PHARMACEUTICAL

GSK welcome UK tax change

UK drugmaker GlaxoSmithKline (GSK) has responded to new UK government tax plans by promising to invest £500 million in manufacturing projects. The government will introduce a ‘patent box’ that will reduce the rate of corporation tax on profits generated from intellectual property (IP) in the hope that this will encourage investment in research and development. GSK welcomed the plan, saying it would build its next biopharmaceutical manufacturing plant in the UK and establish a new £50 million UK venture capital fund for investment in early-stage healthcare companies and university spin outs. In addition, the company said it would contribute to a new green chemistry unit at the University of Nottingham, UK, with a ‘significant financial contribution’ to this project. The company estimates that these investments will lead to the creation of 1000 new UK jobs. The patent box will apply from April 2013. The tax rate on profits generated from IP will be reduced to 10 per cent. In the October spending review, the government said it would reduce the main rate of corporation tax from 28 per cent to 24 per cent over four years from 2011.

In other GSK news, the company says it will increase its stake in biotech Theravance. The two have agreed that GSK will buy 5.8 million Theravance shares at a price of $22.50 (£14.40) per share – a total investment of $129,375,000. The transaction is scheduled to close later today. This will boost the GSK stake to 15 million shares – 19 per cent of Theravance.

Merck appoints new CEO

Kenneth Frazier

US pharma major Merck & Co has appointed Kenneth Frazier chief executive, effective 1 January 2011. Frazier will succeed Richard Clark, who has been chief executive since 2005 and will continue to be chairman of the board. He was executive vice president and president of global human health from 2007 to 2010.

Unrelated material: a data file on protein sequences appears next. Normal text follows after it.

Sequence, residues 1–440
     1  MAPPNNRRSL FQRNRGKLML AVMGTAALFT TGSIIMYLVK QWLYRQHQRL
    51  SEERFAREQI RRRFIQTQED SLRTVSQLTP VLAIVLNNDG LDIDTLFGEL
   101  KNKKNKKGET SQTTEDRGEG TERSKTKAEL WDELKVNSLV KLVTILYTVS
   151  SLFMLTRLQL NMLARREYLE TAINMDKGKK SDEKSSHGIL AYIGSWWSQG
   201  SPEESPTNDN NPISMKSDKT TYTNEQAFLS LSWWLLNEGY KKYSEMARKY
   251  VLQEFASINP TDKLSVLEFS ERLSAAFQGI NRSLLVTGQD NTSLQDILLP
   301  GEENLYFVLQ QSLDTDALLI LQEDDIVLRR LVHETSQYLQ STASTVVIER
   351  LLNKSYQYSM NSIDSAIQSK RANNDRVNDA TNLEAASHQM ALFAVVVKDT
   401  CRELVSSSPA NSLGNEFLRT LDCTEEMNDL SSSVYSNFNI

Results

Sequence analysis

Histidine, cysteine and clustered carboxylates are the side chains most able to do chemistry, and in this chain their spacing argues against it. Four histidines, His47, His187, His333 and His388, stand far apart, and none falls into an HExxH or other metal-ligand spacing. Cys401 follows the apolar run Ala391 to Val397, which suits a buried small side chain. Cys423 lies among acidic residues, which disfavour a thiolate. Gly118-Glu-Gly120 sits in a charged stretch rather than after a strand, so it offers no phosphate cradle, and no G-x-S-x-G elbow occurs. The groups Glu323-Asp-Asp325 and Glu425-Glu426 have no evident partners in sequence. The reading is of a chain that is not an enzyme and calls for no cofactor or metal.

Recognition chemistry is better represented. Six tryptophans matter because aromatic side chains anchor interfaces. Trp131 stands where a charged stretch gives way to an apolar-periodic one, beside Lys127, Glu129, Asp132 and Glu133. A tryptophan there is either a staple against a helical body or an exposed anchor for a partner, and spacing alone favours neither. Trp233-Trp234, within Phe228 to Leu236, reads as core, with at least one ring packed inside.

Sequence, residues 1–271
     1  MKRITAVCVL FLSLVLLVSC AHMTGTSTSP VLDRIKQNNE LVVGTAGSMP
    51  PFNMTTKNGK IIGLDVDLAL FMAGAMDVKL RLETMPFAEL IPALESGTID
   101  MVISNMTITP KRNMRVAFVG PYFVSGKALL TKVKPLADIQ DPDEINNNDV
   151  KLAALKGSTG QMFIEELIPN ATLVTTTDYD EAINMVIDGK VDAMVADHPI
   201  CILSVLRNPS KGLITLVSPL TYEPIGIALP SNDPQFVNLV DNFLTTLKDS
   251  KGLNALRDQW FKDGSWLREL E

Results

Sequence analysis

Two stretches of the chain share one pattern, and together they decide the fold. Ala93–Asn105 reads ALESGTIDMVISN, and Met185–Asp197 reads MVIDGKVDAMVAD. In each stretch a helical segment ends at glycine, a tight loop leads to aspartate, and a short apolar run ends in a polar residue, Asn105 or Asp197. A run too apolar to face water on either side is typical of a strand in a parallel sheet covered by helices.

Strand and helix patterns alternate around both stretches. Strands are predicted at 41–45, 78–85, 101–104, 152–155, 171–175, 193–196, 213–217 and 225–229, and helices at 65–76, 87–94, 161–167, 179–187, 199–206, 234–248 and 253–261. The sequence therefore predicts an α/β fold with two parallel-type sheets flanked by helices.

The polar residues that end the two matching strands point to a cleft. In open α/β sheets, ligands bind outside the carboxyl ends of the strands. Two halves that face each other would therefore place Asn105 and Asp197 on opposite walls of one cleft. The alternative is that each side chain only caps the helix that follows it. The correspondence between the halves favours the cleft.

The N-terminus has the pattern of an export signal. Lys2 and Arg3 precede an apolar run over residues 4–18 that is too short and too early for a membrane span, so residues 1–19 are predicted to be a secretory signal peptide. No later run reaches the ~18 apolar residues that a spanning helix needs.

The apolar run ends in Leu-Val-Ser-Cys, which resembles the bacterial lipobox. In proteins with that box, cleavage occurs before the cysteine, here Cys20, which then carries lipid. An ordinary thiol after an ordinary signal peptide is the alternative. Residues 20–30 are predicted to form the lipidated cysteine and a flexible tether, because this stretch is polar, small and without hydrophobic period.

CHEMICAL 

Süd-Chemie catalyst investment

German speciality chemical company Süd-Chemie has said it will invest up to €20 million (£17 million) in catalyst research at the Technische Universitaet Muenchen (TUM). The company will provide up to €2 million per year for at least the ten years. The work will cover the development of new catalysts and methods of preparation, focusing on making base chemicals from carbon dioxide and olefins from non-petrochemical feed stocks.

BASF-Ineos styrenic deal

Privately-owned chemical giant Ineos intends to combine its styrenic businesses with those of German chemical major BASF. The deal includes the styrene monomer, polystyrene, acrylonitrile butadiene styrene and styrene-based copolymer parts, but excludes expandable polystyrene. Each company will have a 50 per cent stake in Styrolution, expected to generate annual sales of over €5 billion. BASF said in October that it was looking to release this part of its operation, which employs 1460 staff and is expected to generate €2.5 billion in sales in 2010. But the plan had been mooted as far back as 2007. Ineos employs 2,200 people for its styrenic activities, which are expected to generate sales of €2 billion in 2010. In addition, Ineos has said that it intends to buy the other 50 per cent of its 50-50 styrenic joint venture, Ineos Nova, from Nova Chemicals. The associated activities will eventually become part of Styrolution. The companies did not, however, disclose financial details.

In other BASF news, the chemical giant has agreed to buy the styrene catalyst business of CRI Criterion, a US subsidiary of oil supermajor Shell. Financial details of the transaction are not being disclosed. CRI makes catalysts for the dehydrogenation of ethylbenzene to styrene. 

Private equity firm buys Royal

US company Royal Adhesives & Sealants says that it is to be bought by Arsenal Capital Partners, a private equity firm. Royal offers a range of thermosetting epoxy and urethane products. Investments in the Arsenal portfolio include agriculture and industrial chemical manufacturer Velsicol Chemical and Novolyte Technologies, a manufacturer of electrolyte materials for lithium ion battery and energy storage applications.

Thermo buys Lomb

Instrumentmaker Thermo Fisher Scientific has agreed to acquire Lomb Scientific, a supplier of chemicals and instruments in Australia and New Zealand. Lomb has about 100 employees and generated sales of AUD $34 million in 2009.

Andrew Turley 

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